Could it be that on the left, some things just don’t matter in the same way that they do to everyone else? Islamism and ISIS don’t matter. Immigration and integration don’t matter. The opinions of ordinary people don’t matter.

Apparently, all that matters to the left, is the left itself.

Whenever an Islamist atrocity occurs, so-called liberal progressives ignore the facts, ignore the causes, and neglect to talk about security or prevention. Instead they do the only thing they know how—they line up to beat us relentlessly with the same hollow, self-serving orders: don’t listen to anyone else.

Sam White is a writer for Country Squire Magazine and has written for The Spectator & Metropolis. Other Sam White articles can be found by using the search box below (just type in Sam White) and also by looking here

10 thoughts on “The Farage Overreaction

  1. Your comment is what is potentially terrifying, as far as I’m concerned, Helena. You’re wrong on all levels in your spiteful diatribe about Nigel Farage. It’s all too clear that you have never actually listened to what he has always said, but don’t fret, pet, because you can find all his honest speeches on YouTube. If you really want the truth, it’s always a good idea to get the WHOLE story, from both sides of the proverbial. And if you don’t change your distorted opinions after you’ve absorbed the words he speaks and the message he clearly conveys – all of which should convince you that he is an honest, clear-sighted, patriotic Englishman and banish all ideas that he is a thuggish racist, as you seem convinced he is, at all! – well, I’ll go to the stop of our stairs!! If that doesn’t do the trick, and you continue with your narrow, destructive line of thought about this highly-principled, extremely honest politician (rare, indeed!), well, you will prove yourself to be the one we should all be worrying about!

  2. Farage DID get help to get Jo Cox killed. What about this do people not understand? This man has been instrumental in whipping up xenophobia in the UK – he is the respectable, smiling, matey face of racism. He legitimises and strengthens it. This is why he is so dangerous. He believes people should be able to carry guns, that women should not get equal pay and that Muslims are all potential terrorists. The fact that so many people agree with him is absolutely terrifying. This man and his views should not be normalised – he is an extremist. If you want to see how this is going, read “I shall bear witness,” by Victor Klemperer and simply transpose Jews for Muslims and immigrants. I am very grateful that Owen Jones and Mark Steel, and people like them call out the Farage for what he is – this country is moving ever-closer to Fascism.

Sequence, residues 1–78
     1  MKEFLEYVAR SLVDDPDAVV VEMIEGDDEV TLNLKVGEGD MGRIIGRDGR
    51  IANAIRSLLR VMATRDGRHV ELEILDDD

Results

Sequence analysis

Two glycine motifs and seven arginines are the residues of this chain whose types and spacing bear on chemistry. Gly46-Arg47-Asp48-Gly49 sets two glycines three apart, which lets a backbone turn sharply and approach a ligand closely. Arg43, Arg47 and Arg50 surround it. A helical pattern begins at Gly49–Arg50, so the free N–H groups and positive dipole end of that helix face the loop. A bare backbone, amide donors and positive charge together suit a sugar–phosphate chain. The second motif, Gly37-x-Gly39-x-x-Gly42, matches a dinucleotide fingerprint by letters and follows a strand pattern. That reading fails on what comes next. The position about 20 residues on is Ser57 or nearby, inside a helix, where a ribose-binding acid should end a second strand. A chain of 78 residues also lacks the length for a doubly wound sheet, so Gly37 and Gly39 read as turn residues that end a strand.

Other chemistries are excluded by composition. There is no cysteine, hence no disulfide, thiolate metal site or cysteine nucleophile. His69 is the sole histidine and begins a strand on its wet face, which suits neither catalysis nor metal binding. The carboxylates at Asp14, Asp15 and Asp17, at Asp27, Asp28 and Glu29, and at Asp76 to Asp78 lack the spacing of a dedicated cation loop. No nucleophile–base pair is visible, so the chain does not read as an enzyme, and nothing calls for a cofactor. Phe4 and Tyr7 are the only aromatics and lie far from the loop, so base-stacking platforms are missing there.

3. There are rather a lot of people like me who are somewhere to the right of Cameron, and to the left of Blair (no idea why either of them were leading the parties they did) who are looking at the current situation with concern and bewilderment. There is a significant problem of terrorism, overspilling from wars where all sides look awful, and we are being told that the solution to this is to put the far right in charge. Our data point here is that in the referendum we gave nationalism and isolationism a free hand to campaign respectably and stir up whatever they wanted, and they stirred up a delusional nazi who murdered an MP. The far right have not earned the right to respectability, we give them an inch and they murder an MP. In America they have been given not just a temporary campaign, but a country. It is bloody ridiculous, nobody wants this, we want nice boring politicians who do sod all and get out of the way so that people can get on with their lives. I don’t want far left nutters, I don’t want far right nutters, I want boring people who think about things and base policies on evidence.

  4. Surely Merkel is part of the problem and an unwitting puppet of their agenda. I think freedom of movement has been very useful for them. They can’t cause trouble if they can’t get here in the first place and they aren’t all long-term residents. Lefties doing NOTHING about the situation except worrying about Islamophobia are just playing into their hands. The radicals already hate us, our do nothing, try not to upset the Muslims ‘Guardian-stylee’ approach has already got us nowhere.

  5. There are large swathes of the country where the Conservatives will never be seen as electable, middle or otherwise, and where Farage is certainly not regarded as an idiot.

    May has been given the benefit of the doubt – for the time being – and is lucky to have Corbyn as an opponent. That won’t last.

  6. The more Farage and the Labouyr Lefties fight each other the better. The more the Conservatives are seen as electable middle ground. All useful idiots IMO